February 9, 2019

{Against Feminine Nature} Book Excerpt

Excerpts from the "Against Feminine Nature" chapter of my book-in-progress, tentatively titled, A Memory of Love: The Spiritual Mission of a Princess. Enjoy....

Sarah Jennings Churchill, Duchess of Marlborough
“‘Remember, you’re a Spencer!’” biographers claimed Diana would say to herself to strengthen her resolve during stressful times. Spencers had been established in England for 500 years, amassing great wealth and political power through the centuries (and therefore much more “British” than her husband’s Windsor family). Sarah Jennings, born in 1660, wife of the 1st Duke of Marlborough and grandmother of the first Diana Spencer, was “one of the most remarkable and difficult women of her day,” wrote biographer Sarah Bradford. “The Spencer tendency for falling out with members of the family—it is said Sarah changed her will fifty times—may well have been passed down from her.” Sarah Jennings’ pride, Bradford remarked, “led her to snub even her sovereign and former friend, Queen Anne.”
Over 250 years later, when another Diana Spencer was on the scene, Queen Elizabeth, the Queen Mother, told a friend that the Spencer women are “‘extremely unusual and difficult!’” According to Bradford, the Queen Mother’s friend, who happened to be a Spencer relation, agreed and also noted “‘an unforgiving side’” that seemed to run in the family; she was of the opinion that Princess Diana’s “‘inability to sustain friendships and relationships’” was also a family characteristic. She saw similar traits in her own Spencer mother with those of Diana, especially what she called Diana’s “‘manipulation of reality’” which took on a repetitious pattern of creating conflict, then calling for a dramatic reunion, only to stir things up once again. Whether it was an “inherited” family trait or not, this emotional roller coaster must have been exhausting for all involved.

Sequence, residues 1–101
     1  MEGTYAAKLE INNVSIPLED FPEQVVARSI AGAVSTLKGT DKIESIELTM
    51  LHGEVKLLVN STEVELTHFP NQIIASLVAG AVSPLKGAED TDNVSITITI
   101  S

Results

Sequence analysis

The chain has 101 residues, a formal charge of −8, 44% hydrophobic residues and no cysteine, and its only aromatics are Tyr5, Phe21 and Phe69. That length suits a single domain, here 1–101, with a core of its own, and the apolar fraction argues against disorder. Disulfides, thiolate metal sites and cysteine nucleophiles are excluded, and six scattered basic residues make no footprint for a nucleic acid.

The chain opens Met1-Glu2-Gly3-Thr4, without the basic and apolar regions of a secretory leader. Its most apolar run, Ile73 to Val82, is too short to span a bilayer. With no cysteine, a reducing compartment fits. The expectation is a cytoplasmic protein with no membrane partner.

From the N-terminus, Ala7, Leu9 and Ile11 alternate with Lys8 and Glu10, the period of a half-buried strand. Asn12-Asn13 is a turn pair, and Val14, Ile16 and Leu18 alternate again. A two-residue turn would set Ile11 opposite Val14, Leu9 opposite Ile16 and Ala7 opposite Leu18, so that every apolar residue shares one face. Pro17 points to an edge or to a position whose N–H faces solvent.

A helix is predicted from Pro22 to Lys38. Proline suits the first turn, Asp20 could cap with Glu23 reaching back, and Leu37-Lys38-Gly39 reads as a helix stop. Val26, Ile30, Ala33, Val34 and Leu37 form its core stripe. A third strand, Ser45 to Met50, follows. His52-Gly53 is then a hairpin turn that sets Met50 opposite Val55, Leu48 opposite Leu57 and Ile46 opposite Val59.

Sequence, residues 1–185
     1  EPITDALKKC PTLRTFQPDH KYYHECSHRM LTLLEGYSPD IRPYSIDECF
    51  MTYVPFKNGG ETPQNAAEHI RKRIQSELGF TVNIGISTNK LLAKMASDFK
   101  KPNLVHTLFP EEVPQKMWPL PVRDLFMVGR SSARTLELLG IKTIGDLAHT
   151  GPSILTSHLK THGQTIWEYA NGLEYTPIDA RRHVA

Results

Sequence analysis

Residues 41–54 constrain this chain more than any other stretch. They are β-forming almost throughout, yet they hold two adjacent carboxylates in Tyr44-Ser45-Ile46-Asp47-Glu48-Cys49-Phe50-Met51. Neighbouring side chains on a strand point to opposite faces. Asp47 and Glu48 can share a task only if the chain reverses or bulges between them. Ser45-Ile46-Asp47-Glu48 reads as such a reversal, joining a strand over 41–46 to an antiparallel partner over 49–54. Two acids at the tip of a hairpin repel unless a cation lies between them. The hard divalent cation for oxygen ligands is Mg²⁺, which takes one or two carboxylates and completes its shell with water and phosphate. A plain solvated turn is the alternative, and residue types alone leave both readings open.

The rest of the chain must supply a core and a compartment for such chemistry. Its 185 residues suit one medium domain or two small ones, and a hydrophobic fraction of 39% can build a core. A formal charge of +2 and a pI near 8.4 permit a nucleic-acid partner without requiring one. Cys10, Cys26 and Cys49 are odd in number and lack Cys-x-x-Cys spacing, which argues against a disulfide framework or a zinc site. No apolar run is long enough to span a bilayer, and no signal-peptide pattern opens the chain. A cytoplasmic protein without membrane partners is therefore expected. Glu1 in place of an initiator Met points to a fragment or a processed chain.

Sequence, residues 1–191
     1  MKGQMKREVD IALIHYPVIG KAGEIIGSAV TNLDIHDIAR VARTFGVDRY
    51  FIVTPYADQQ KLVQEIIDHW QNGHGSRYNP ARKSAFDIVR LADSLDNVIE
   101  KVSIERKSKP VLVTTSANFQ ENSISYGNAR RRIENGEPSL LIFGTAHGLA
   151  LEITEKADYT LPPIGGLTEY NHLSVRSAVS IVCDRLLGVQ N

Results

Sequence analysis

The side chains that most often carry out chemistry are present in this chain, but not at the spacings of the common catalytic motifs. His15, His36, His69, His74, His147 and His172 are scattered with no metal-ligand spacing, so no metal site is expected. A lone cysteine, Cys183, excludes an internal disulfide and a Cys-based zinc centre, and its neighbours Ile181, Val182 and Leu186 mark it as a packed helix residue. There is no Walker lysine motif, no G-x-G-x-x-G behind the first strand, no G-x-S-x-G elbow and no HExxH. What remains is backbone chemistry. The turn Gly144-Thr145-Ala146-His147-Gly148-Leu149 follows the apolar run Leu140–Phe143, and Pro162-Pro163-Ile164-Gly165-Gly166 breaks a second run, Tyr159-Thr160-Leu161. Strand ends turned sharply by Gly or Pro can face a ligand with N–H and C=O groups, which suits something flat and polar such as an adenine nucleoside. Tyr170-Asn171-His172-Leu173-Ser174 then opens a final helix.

From many accounts, the psychologically needy and acutely insecure Diana was full of unresolved anger from childhood; and as an adult, her volatile temper occasionally surfaced. Sometimes there was even a warning before the crash: “‘Stand by for a mood swing, boys,’” she’d say to her private secretary, explained biographer Tina Brown. Various conditions have been cited as possible reasons for Diana’s extremes: the frustrations of not being heard, much less not being allowed a voice; chemical imbalances brought on by her bulimia; misunderstood postpartum depression; living under the stress of so much suppressed emotion for so many years; perhaps some sort of personality disorder; even complications of her complex astrological chart. Or, as I read somewhere, “anger is nothing more than an outward expression of hurt, fear and frustration.” Whatever the causes, Diana could create a disconcerting battlefield-like, walking-on-eggshells environment for everyone around—including her “desperately unhappy” husband and his reserved family with their strict code-of-behavior.
Historically, many women had difficulty in expressing anger and if they did get angry, men found it difficult to deal with the volatility. Such emotional outbursts would not only have been discouraged, it could get the disruptive woman diagnosed with “hysteria” and locked up! No wonder a woman might express her anger silently by abusing her body and health, as Diana did. “How can she manifest her anger or her grief?” asked British writer Beatrix Campbell. “If the discovery of her own disappointment could not be revealed, because it could not be tolerated, then it made sense to keep screaming….” Or worse.